Consider seeking a second opinion with an AAO orthodontist, who is a specialist in the diagnosis, prevention and treatment of orthodontic problems. While there is some instruction regarding orthodontics in dental school, it is minimal. It is in the post-dental school orthodontic residency program that orthodontists receive intense instruction to learn proper, safe tooth movement (orthodontics) and the guidance of dental, jaw and facial development (dentofacial orthopedics). These extra years of school make the orthodontist the specialist in moving teeth and aligning jaws. This is the only focus of their practice.
No. Waiting until all the permanent teeth have come in, or until facial growth is nearly complete, could make correction of some orthodontic problems more difficult. Some things cannot be accomplished once the face and jaws are no longer growing.
If your child is older than 7, it is not too late for a check-up. Should treatment be needed, keep in mind that many patients begin treatment between the ages of 9 and 16, depending on their physiological development and treatment needs. Orthodontists are usually able to treat most conditions successfully.
Around age 7, children have a mix of baby (primary) and permanent teeth. A check-up as permanent teeth take the place of baby teeth, and as the face and jaws are growing, gives the orthodontist a wealth of information. If a problem exists, or if one is developing, your orthodontist is able to advise you on whether treatment is recommended, when it should begin, what form treatment will take, and estimate its length.
Remember, there is a difference between an orthodontic check-up and actually starting orthodontic treatment. Only a few orthodontic problems will need correction around age 7. Even so, not all treatment is done using braces.
In the event that a problem is detected, chances are your orthodontist will take a “wait-and-see” approach, and will check your child’s growth and development periodically. If treatment is needed, it can begin at the appropriate age for your child.
There is not one “right” chronological age for orthodontic treatment. Ideally, children should have an orthodontic evaluation no later than the age of 7. But there is an ideal time to begin treatment for an individual who needs it. Timing is determined by the type of problem that the child has or may be developing, and the child’s stage of dental development. Some patients may require tooth movement only, while others may need help with guiding the growth of their jaws, or to correct a sucking habit or abnormal swallowing pattern that can reshape the bone. Rely on your AAO orthodontist to advise you on the ideal time for your child to be treated.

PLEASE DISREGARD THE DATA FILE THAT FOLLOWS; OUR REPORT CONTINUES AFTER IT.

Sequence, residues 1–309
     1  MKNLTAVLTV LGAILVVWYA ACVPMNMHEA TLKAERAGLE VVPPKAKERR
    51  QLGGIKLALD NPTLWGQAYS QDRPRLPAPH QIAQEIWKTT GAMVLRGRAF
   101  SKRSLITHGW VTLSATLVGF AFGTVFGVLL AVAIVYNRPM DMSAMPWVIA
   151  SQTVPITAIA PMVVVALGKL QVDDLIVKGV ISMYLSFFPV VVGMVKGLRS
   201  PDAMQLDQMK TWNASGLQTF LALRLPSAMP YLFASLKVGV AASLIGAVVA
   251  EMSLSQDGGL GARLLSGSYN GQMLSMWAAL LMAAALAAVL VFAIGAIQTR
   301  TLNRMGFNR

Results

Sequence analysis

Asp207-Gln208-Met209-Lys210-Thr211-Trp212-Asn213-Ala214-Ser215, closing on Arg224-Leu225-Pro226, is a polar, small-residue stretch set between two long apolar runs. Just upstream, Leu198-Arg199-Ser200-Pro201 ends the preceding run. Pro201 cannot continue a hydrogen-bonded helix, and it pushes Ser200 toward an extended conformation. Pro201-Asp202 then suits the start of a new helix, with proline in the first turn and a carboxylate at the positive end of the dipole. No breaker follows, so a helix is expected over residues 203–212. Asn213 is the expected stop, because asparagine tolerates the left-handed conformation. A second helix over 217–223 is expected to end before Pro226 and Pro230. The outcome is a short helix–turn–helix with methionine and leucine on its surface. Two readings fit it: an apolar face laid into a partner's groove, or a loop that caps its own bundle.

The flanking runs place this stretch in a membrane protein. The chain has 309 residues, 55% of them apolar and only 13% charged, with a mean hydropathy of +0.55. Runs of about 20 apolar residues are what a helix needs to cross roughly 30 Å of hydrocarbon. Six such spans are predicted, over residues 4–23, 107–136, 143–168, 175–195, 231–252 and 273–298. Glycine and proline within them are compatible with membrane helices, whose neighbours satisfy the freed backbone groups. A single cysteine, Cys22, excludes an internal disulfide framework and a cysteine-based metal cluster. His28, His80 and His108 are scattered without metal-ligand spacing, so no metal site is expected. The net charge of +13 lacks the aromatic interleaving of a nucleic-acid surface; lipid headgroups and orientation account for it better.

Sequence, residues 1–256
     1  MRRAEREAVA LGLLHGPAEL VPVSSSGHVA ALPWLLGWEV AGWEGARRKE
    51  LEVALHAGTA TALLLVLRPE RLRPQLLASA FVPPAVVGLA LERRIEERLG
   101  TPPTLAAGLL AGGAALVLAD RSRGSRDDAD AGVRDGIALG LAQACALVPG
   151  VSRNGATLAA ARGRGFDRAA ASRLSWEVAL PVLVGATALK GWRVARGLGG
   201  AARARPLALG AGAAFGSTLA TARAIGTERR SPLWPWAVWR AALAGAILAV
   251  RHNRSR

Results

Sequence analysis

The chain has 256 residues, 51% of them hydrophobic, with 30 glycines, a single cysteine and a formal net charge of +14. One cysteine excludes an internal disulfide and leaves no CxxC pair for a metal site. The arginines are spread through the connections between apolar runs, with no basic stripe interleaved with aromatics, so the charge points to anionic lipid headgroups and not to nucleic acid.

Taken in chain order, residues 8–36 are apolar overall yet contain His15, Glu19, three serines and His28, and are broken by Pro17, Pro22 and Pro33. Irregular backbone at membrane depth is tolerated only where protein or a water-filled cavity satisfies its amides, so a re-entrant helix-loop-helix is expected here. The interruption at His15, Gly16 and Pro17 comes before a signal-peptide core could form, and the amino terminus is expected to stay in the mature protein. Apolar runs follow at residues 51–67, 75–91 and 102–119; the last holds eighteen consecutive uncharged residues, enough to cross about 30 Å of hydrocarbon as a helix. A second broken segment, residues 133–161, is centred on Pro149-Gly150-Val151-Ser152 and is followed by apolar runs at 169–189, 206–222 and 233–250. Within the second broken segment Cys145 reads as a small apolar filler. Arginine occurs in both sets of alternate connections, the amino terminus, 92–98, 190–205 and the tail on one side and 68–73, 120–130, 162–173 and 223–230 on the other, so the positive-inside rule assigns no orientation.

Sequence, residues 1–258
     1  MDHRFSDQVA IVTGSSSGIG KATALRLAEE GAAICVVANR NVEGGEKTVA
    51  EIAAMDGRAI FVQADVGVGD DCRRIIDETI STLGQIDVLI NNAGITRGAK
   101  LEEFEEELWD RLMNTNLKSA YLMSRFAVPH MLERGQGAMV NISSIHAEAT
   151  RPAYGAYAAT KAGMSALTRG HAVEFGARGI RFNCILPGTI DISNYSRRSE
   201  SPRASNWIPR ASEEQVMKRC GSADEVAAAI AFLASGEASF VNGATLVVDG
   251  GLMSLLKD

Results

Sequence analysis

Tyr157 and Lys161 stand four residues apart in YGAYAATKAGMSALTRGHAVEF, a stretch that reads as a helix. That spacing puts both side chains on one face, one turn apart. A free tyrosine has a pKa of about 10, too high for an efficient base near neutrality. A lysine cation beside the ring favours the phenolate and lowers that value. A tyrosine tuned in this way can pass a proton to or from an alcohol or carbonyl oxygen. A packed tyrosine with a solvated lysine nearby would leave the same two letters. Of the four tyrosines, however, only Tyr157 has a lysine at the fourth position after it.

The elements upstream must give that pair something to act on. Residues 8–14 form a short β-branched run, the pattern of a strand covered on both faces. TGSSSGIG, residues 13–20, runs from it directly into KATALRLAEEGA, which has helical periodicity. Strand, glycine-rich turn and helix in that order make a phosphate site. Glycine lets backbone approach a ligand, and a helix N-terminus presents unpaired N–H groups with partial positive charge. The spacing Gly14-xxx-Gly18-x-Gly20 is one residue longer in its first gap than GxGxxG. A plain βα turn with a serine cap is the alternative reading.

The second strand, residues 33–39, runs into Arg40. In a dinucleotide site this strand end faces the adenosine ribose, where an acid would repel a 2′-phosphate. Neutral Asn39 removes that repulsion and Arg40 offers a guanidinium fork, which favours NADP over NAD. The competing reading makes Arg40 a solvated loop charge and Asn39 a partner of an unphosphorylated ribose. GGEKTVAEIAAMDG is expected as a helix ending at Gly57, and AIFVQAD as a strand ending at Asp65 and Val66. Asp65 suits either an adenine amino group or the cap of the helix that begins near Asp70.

Unfortunately, your child’s teeth will not straighten out as he or she grows. The space available for permanent front teeth will not increase as one grows. For most people, after the permanent (12 year) molars come in, there is even less space available for the front teeth which can lead to orthodontic problems such as protruding or crooked teeth.
Untreated orthodontic problems can become worse, and more difficult to treat as a child gets older. Untreated problems may lead to tooth decay, gum disease, broken front teeth and loss of bone tissue that holds teeth in place.
Most orthodontic problems are inherited. Some are “acquired,” developing over time by sucking the thumb or fingers, mouth breathing, dental disease, abnormal swallowing, poor dental hygiene, or early or late loss of baby teeth, accidents and poor nutrition. Whatever the cause, orthodontists are usually able to treat most conditions successfully.
Orthodontic treatment will help your child bite and chew, and contribute to clear speech. When teeth function properly, they tend to look nice. An attractive smile is a pleasant side effect of orthodontic treatment, and can have emotional benefits. Self-confidence and self-esteem may improve as orthodontic treatment brings teeth, lips and face into proportion. Straight teeth are less prone to decay, gum disease and injury.
Scuba aficionados take heart: there is no need to cancel your next dive. The small brackets used in today’s braces, especially ceramic or tooth-colored brackets, will not attract attention from unsavory fish or sea life.
With or without braces the chances of a lightning strike remain the same which, in the U.S. in any one year, according to nationalgeorgraphic.com, is one in 700,000.